#
Graphs and Algorithms

## Course Outline and Roass Document

Last update = Jan 4/2018.

**Topics to be covered**

- Graph Isomorphism
- basics of permutation groups
- how to write a graph isomorphism program
- graph homomorphisms
- possible research topics

- Graph Connectivity
- vertex connectivity
- edge connectivity
- basic theory
- the depth-first-search algorithm for cut-vertices, cut-edges
- max-flow algorithms to find the connectivity
- the problem of finding a simple algorithm for separating pairs
- possible research topics

- Max Flow
- the max-flow-min-cut theorem
- the Ford-Fulkerson algorithm
- a more advanced algorithm -- eg, Karzanov's algorithm

- Graph Colouring
- edge-colouring and max-matchings
- Vizing's theorem and related algorithms
- vertex-colouring
- chromatic polynomials, how to find them
- the 4 Colour Theorem
- NP-completeness of colouring problems
- exhaustive search algorithms for vertex-colouring
- nowhere-zero flows
- possible research topics

- Hamilton cycles
- basic theory
- the crossover algorithm
- NP-completeness of HamCycle

- Graph Planarity
- Euler's formula, duals
- Kuratowski's theorem
- algorithms for testing planarity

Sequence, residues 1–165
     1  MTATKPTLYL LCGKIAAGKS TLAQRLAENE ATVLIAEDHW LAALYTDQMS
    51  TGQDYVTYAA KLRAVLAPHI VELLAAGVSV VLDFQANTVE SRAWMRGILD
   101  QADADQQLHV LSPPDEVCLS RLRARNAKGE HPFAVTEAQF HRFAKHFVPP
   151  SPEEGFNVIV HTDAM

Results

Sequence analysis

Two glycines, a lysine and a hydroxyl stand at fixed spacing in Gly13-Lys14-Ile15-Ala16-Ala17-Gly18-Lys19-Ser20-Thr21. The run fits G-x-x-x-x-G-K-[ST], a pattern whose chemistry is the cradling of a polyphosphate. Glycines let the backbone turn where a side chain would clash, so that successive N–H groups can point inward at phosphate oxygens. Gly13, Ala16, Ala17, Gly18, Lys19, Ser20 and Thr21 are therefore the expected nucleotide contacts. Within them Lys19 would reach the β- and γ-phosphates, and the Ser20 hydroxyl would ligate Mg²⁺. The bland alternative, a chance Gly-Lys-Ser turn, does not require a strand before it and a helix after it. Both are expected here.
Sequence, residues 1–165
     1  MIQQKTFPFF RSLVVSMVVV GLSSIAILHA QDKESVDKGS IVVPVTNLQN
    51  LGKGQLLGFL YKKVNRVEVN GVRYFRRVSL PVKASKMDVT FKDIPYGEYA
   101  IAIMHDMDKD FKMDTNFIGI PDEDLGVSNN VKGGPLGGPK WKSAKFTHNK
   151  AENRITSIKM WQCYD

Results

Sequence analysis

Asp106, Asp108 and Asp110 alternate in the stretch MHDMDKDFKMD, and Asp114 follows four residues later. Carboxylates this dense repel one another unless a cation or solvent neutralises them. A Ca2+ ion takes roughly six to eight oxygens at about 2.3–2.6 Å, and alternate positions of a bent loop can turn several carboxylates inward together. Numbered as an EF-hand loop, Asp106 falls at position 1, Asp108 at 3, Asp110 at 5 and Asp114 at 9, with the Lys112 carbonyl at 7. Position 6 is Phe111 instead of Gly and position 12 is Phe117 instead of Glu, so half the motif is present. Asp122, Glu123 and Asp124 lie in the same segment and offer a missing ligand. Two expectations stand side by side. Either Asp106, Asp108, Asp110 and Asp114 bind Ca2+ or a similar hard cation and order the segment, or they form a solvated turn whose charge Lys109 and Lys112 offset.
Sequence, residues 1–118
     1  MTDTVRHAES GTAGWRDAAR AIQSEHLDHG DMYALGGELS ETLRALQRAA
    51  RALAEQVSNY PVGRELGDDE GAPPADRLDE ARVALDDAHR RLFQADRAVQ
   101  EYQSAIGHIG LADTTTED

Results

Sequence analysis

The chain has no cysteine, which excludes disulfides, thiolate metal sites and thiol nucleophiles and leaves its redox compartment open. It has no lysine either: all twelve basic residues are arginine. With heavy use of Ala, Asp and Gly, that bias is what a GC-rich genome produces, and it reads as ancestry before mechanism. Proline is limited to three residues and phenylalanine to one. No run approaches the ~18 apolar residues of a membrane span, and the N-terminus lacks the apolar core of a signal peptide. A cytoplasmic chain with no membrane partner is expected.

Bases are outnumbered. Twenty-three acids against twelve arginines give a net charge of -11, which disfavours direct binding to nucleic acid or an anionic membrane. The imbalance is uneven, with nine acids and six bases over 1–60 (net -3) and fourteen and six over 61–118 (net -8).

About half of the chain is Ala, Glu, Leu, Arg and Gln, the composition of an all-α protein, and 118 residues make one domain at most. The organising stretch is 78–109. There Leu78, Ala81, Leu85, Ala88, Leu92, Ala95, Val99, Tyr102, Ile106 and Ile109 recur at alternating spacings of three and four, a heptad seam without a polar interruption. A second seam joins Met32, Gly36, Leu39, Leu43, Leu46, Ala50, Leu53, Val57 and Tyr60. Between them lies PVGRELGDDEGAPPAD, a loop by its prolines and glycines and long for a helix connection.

- the bridge algorithm
- the Hopcroft-Tarjan algorithm

- Graphs on other surfaces
- rotation systems
- the projective plane
- the torus
- the Klein bottle
- the double torus
- an algorithm for the projective plane
- a possible algorithm for the torus
- a possible algorithm for the Klein bottle
- possible research topics

- Digraphs
- the depth-first search in digraphs
- strong components
- topological order
- solving 2-SAT

- tournaments
- modules (intervals)

**Assignments**

There will be 3 assignments, each worth 10% of the final grade.

There will be an individual coding project to implement a significant algorithm.

The project will be worth 25% of the final grade.

Each student is expected to give a 20 minute presentation on
his/her project in the last two weeks of classes.

There will be a final exam (3 hours), worth 45% of the final
the grade.

As this is a joint graduate/undergraduate course (7750/4060),

the assignments for the graduate and undergraduate students will be slightly different.

Programming is to be done in C, C++, Java, or Python.

Please **write your own classes**.

Use arrays and pointers.

Do not use a "visual" programming environment.